Frederick Ahl’s new translation captures the excitement, poetic energy, and This is an Aeneid that the first-time reader can grasp and enjoy, and whose. FREDERICK AHL, trans. Virgil, Aeneid. Introduction by Elaine. Fantham. Oxford and New York: Oxford University Press, Pp. With index and maps. Frederick M. Ahl (born ) is a professor of classics and comparative literature at Translation of Virgil’s Aeneid (), Book I, lines – and –

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Dryden here outsoars all the modern translators – “The vanquished cry; the victors loudly shout: Comment on this review in the Ahp blog. Oxford University Press, Ahl also succeeds on more complex occasions, as when recreating the heartbroken and alarmingly specific vehemence Dido directs against the departing Aeneas:.

So, in the Alps, wild gales from the north gust this way and that way, Vying among themselves to uproot some vigorous oak tree, Massive with centuries’ growth: Dr Johnson defines aeneidd as “to make a sharp noise with frequent repetitions and collisions of bodies not very sonorous”.

Not every book received by BMCR is reviewed, for many reasons, not least the inevitable slips between good intentions of reviewers and their ability to deliver on those attentions, to say nothing of the editors’ insistence on timely reviews. Although ambitious, Virgil was never really happy about the task. The Trojan prince Aeneas escapes the destruction of Troy by the Greeks and sets sail with his father Anchises and his son Ascanius in search of a new home.

The hoofbeat of horses

The American scholar and critic Frederick Ahl has undertaken what he calls the “humbling” task of rendering the Aeneid in a form that matches as closely as possible the lineation of the original while finding an English metrical equivalent for Virgil’s hexameters. He offers a line of between 12 and 17 syllables, containing six feet, each stressed on the first syllable, with the opening syllable of the line always stressed.


His style is so dense, and he is so clever. Aeneas and his companions contend not only with human enemies but with the whim of the gods. It furthers the University’s objective of excellence in research, scholarship, and education by publishing worldwide. It is the last three words that count. In the following years Virgil spent most of his time in Campania and Sicily, but he also had a house in Rome.

Ahl’s translation captures the excitement and drama of the original and is both more accurate and more readable than other existing translations.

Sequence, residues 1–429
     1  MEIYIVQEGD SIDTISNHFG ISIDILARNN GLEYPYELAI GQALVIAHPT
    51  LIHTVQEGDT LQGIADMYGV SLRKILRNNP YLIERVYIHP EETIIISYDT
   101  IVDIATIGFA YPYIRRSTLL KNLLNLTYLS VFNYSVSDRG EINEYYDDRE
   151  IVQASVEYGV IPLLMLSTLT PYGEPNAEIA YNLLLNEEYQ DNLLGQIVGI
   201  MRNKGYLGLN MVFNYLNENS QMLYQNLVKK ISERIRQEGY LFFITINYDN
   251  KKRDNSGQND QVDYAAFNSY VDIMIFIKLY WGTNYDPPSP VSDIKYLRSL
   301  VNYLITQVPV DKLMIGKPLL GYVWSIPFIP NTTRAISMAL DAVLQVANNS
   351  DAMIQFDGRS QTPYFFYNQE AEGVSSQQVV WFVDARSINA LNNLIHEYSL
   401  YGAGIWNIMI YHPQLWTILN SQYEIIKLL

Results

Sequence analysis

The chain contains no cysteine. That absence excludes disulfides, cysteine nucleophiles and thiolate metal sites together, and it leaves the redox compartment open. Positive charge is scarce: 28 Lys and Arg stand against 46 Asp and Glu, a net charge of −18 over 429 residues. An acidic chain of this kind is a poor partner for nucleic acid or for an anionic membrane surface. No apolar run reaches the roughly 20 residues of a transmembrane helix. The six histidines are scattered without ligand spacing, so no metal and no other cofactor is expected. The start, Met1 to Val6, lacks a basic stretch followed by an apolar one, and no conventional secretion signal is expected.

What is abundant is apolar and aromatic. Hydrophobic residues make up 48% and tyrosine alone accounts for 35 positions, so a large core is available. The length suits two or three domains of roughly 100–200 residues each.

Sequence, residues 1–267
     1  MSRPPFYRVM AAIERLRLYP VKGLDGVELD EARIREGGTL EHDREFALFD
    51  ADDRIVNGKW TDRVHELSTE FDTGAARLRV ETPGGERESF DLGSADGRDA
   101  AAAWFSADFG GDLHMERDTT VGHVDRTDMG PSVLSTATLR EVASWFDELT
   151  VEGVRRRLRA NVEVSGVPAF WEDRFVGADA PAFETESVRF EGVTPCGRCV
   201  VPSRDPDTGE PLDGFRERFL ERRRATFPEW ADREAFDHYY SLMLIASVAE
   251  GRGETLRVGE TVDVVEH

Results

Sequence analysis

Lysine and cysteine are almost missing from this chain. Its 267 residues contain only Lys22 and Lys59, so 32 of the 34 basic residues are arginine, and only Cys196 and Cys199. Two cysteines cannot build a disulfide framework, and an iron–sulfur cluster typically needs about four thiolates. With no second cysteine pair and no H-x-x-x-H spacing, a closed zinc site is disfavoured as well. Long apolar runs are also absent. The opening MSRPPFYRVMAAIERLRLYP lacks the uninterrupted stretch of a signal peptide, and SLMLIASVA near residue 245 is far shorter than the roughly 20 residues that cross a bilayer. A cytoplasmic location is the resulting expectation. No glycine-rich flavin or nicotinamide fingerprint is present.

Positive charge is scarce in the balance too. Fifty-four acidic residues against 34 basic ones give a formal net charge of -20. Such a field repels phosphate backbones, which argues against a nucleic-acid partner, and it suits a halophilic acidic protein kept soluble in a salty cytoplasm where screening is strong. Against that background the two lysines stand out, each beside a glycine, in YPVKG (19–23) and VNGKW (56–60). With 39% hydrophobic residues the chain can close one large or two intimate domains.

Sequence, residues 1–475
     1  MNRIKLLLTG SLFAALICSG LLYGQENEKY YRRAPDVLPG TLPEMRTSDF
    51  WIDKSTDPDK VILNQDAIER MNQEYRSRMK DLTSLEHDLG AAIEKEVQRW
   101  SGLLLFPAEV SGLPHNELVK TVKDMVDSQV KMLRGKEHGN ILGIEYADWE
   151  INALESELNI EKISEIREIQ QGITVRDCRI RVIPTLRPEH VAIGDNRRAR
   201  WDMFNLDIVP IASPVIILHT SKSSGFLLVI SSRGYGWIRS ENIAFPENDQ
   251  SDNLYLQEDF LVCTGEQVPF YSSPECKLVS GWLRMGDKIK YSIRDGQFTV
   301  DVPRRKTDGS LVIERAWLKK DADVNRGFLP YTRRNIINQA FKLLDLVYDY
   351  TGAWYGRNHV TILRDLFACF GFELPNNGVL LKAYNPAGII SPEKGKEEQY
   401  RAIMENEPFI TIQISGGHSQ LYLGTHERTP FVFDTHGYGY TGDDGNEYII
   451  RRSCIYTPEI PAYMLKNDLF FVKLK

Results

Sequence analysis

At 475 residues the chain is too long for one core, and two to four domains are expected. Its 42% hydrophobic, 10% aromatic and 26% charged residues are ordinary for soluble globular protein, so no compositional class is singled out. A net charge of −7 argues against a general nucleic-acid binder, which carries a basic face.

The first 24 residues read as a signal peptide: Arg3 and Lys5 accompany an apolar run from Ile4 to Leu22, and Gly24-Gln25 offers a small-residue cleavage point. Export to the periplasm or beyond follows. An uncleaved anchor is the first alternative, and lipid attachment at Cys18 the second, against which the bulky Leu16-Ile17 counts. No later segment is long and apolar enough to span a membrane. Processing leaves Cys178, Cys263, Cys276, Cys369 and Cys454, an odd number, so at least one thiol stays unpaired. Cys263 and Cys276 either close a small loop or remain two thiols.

To laments, he proves passive, Motionless; and to their voices, the words that he hears, unresponsive.

Virgil died in 19 B. Ahl’s notes and apparatus are useful and there is a good introduction by Elaine Fantham.

And horses are not cloven-footed, nor does Virgil say they are. This sounds like propaganda. Virgil through modern eyes. The battle is over, and Camilla’s squadrons are cantering away – “Quadrupedumque putrem cursu quatit ungula campum”. This book is available as part of Oxford Scholarly Editions Online – explore trustworthy, annotated texts of writing worth reading.

Oxford University Press Amazon. Unlike most translators, Ahl has chosen to retain Virgil’s word-play, the puns and anagrams and other instances of the poet’s ebullient wit. In 49 BC Virgil became a Roman citizen. Ahl also succeeds on more complex occasions, as when recreating the heartbroken and alarmingly specific vehemence Dido directs against the departing Aeneas: The result is a cousin to an English trimeter line in dactyls and anapaests – not slavish, but usually having an audible shape; a practical and justifiable solution.

Here a warrior is hurled from his chariot: Auden showed long ago in his commonplace book A Certain World.

Saturday 29 December Books Available for Review. After the battle of Philippi in 42 B. Aeneid Virgil Snippet view – Ebook This title is available as an ebook. Such her insistent plea; and such lamentations her sister, Saddest of all, has to act, re-enact. Academic Skip to main content.

Frederick Ahl’s new translation captures the excitement, poetic energy, and intellectual force of the original in a way that has never been done before.


This is an Aeneid that the first-time reader can grasp and enjoy, and whose rendition of Virgil’s subtleties of thought and language will enthrall those already familiar with the epic. Fantham’s page introduction will enlighten both new readers and old fans; also helpful are the maps of the Roman world, the select bibliography, extensive glossary, index of proper names, and–especially– Ahl’s pages of explanatory notes.

Bryn Mawr Classical Review

This surely conveys the sense much better, and in a much less intrusive way. He is difficult, very difficult, even if you have been doing Latin for years. Virgil was born on October 15, 70 B. It took many of us a whole term at school to read one book of The Aeneid and, in grown-up life, perhaps we have been content to read him in the great translation of John Dryden.

I should not venture a review, not least because it is scarcely appropriate to review the work of someone who once gave me a job when I frederickk needed it.

Moderation FAQs How we moderate reader comments. The most unusual of fredefick excellences, however, is metrical. Nunn’s applied respiratory physiology John Francis Nunn Snippet view – Vergil in Russia Zara Martirosova Torlone.

Accessibility links Skip aenedi article Skip to navigation. Talibus orabat, talisque miserrima fletus fertque refertque soror. The rest of his life, from 30 to 19 B. After his studies in Rome, Vergil is believed trederick have lived with his father for about 10 years, engaged in farm work, study, and writing poetry.

He gave Virgil a house near Naples.

Oxford University Press is a department of the University of Oxford.

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